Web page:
A man meets a woman in a bar, the two go back to her flat and begin watching porno films. The man passes out and wakes to find himself strapped to a dentist chair. The woman, along with her accomplice begin to torture the man.
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A woman picks a man up in a bar and takes him back to her place. He thinks he is going to get laid, she has other plans. She proceeds to drug him and incarcerate him in a chair in her basement before torturing him, physically and psychologically. It starts as an S&M exercise and goes to somewhere much much darker.Written by
illi checkover CA USA
Although the film was passed uncut for cinema in 1995 the video certificate was rejected and the film ended up banned by the BBFC for 8 years due to its controversial subject-matter. It was finally passed fully uncut on DVD in 2001. See more »
A lost classic - macabre, marvellous... mandatory!
One of the many things I love about DVD, as a medium, is the way that so many wonderful films that never got the video release they so richly deserved have being unearthed from the vaults and unleashed on the viewing public - usually a public that can't even remember them from the first time round at that.
One such forgotten gem is Ray Brady's "Boy Meets Girl" (1994, UK) which although responsible for huge amounts of controversy upon its theatrical release (BBFC not liking its subject matter, for some reason!), never seems to get mentioned by many folk any more. Luckily, after being banned on video in the UK since its inception, it got a nicely put-together R2 DVD release in 2002 so now there's no excuse for having not seen this terrifying slice of thought-provoking brutality...
The film begins, as the title suggests, when Boy Meets Girl in that all-too-familiar setting of a divey little bar somewhere. Girl is French, quite the 'randy little tart' it seems, so Boy thinks he's struck lucky, especially when she takes him back to her flat, plies him with wine and asks if he'd like to watch some porn with her. It's all very exciting but after a glass of wine he starts to feel a bit woozy and ... oops! Quicker than you can say "she drugged your drink, dude!", Boy wakes up to find he is in a small room with black walls, strapped into a dentist's chair. Girl is not actually French at all. She's also not particularly nice either. Bad things ensue. VERY bad things... and she wants to film it all.
I'd love to tell you more, because the way I've put it probably makes it sound like one of the "Guinea Pig" films (which it's quite a far cry from!), but I also don't want to spoil the plot for you. I WILL however go as far as to say, the entire thing takes place in the black room with minimal cast members (which all lends it quite a 'theatrical' feel), so major cred points distributed all round for creating such a continuously tense and edgy atmosphere that keeps you guessing and utterly engrossed right up until the final few grotesque scenes.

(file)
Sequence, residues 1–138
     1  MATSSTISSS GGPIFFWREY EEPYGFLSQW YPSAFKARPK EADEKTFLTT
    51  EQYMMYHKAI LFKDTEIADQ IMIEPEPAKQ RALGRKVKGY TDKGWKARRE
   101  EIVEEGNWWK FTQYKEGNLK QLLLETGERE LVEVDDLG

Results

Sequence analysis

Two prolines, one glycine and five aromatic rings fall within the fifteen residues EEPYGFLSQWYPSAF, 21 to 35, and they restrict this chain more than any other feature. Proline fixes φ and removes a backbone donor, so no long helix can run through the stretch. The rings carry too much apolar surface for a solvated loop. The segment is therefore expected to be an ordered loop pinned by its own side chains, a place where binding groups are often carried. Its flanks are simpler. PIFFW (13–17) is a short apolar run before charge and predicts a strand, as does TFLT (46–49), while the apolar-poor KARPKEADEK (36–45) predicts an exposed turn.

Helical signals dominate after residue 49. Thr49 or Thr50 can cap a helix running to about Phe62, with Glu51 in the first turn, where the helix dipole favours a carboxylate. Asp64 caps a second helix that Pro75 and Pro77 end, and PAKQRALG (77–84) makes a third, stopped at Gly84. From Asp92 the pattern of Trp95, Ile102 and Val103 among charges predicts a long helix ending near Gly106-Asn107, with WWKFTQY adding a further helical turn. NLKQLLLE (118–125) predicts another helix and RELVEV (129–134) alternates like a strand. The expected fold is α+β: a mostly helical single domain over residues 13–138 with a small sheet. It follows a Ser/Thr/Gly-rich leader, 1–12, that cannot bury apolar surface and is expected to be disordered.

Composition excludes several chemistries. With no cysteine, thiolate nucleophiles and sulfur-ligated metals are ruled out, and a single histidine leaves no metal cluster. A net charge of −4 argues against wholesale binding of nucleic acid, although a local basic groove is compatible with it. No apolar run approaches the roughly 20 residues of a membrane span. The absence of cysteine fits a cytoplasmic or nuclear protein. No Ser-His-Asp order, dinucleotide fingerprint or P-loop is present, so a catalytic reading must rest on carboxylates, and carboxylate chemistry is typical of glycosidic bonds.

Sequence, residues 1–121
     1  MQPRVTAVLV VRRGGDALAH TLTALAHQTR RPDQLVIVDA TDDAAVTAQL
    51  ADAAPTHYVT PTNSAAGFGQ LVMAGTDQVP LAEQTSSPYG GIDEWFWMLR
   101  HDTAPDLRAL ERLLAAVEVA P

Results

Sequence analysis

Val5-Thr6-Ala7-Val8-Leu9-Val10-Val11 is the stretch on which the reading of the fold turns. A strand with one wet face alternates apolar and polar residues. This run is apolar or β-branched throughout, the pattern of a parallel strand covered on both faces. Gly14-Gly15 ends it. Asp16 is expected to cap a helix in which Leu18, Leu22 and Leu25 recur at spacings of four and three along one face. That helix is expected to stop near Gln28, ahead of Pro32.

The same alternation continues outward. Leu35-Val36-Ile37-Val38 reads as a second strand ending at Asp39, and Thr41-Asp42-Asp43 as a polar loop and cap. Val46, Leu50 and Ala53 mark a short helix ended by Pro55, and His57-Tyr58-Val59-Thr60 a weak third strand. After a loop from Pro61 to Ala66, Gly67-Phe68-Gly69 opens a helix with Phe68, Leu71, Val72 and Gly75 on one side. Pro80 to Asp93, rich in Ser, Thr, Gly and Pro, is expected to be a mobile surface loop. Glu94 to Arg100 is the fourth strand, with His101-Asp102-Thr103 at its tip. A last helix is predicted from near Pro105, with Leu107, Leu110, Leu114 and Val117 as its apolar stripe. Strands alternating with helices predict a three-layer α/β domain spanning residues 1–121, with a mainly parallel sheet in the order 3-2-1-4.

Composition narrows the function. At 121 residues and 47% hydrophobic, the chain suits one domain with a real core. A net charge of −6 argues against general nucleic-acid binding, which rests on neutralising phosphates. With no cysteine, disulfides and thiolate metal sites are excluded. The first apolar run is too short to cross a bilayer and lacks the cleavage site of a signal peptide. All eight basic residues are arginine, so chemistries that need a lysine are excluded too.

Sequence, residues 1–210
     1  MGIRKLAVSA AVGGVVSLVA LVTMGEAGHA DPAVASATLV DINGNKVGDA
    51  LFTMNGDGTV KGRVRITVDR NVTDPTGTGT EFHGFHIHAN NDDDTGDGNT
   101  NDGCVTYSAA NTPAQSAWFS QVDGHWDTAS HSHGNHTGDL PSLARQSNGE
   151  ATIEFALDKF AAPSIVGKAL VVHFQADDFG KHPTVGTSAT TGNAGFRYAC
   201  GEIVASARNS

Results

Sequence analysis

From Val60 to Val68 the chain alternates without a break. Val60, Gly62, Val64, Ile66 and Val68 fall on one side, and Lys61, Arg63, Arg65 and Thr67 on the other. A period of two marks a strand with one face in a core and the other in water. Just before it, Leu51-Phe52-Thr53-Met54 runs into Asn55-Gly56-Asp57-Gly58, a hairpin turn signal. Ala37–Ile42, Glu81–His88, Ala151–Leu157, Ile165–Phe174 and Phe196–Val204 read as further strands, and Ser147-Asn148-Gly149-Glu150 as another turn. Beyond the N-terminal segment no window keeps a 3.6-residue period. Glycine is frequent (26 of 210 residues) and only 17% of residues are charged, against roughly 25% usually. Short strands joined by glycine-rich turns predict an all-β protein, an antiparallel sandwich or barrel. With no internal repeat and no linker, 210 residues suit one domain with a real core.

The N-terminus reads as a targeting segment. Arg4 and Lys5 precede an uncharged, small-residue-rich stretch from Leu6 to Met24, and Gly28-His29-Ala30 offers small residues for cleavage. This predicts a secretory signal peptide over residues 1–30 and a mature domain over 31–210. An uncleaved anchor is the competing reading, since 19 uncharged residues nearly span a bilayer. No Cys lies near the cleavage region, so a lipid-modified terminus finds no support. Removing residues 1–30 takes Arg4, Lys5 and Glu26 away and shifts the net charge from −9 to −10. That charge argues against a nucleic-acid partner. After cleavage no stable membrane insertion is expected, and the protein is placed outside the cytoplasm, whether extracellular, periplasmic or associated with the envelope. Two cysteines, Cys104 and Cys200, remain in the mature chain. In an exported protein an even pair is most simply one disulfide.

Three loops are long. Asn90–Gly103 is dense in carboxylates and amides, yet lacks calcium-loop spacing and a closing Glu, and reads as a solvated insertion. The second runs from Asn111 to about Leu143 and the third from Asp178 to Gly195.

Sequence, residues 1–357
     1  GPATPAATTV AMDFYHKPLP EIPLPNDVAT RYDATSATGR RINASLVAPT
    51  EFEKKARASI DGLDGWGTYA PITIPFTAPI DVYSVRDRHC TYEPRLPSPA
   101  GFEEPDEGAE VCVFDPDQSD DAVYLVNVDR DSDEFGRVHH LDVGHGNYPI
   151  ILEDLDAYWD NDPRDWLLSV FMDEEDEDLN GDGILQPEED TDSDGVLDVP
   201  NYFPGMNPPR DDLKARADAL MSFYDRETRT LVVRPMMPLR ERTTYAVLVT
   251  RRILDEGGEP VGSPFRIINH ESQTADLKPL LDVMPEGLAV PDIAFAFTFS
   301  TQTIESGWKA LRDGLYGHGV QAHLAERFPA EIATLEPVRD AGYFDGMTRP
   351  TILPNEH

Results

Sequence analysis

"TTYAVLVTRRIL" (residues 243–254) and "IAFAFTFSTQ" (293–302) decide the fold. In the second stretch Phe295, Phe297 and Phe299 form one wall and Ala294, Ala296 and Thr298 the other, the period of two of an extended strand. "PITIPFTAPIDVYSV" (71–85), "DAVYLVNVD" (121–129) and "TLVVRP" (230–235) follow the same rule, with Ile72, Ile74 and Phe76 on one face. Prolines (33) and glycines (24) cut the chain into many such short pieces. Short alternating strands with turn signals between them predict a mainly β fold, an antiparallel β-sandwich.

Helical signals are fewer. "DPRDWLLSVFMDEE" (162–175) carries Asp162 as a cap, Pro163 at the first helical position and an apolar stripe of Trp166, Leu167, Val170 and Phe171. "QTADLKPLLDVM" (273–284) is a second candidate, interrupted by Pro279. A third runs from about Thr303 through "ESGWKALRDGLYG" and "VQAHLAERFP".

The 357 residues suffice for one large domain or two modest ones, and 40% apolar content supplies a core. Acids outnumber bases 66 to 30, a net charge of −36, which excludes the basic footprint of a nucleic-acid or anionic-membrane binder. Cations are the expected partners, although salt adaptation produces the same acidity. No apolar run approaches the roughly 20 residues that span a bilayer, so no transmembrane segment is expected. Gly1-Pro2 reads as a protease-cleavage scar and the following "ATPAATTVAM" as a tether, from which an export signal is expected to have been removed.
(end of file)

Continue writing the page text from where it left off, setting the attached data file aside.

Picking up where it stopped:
There are so many things in this deeply unusual film's favour that enable it to be so effective. The direction, despite an obvious shoestring budget, manages to be stylish and taut, using camera trickery and plot-contextual switching between film and video to keep things looking lively. The acting is surprisingly strong, considering the relative obscurity of the cast members. Danielle Sanderson (sadly never seen in anything else) is nothing short of unforgettable, playing her unstable character with a disarming mix of light and dark. One minute she's soothing, sensual, almost maternal and the next she's positively fearsome, spewing forth verbal bile with the maniacal savagery. It would be so easy for some of her dialogue to be delivered with a large side order of ham, but Sanderson makes her character believable through the intensity of her performance. I *really* wish she'd made other films. It's tragic to think of such an incredible talent being wasted.
Of course, what REALLY makes this movie is the razor-sharp script, unpredictable and surprisingly complexed as it is. On top of its constant heartfelt assaults on the (at the time very hot) topic of violence in media, it relishes in playing with your mind and your personal politics, when it comes to morality. The lines between good and evil, right and wrong, continually shift (along with the viewer's sympathies). It's almost disorientating, the way the characterisations manipulate perceptions of what's going on and, by the time the plot reaches its ferociously visceral climax, the impact is made all the greater, because you're being made to THINK about what's going on instead of just watching it through zombified, desensitised eyes.
"Boy Meets Girl" is one of the more genuinely disturbing films I've seen. Obviously being creeped out by the movies is a very subjective, personal thing but, like I say, this one definitely did it for me. The closest comparisons I could make would be to place it in a similar category to "Man Bites Dog" or "Audition". Fiercely original, darkly comic at times but ultimately very harrowing indeed.
Overall Rating: A no-budget 9.5 out of 10.
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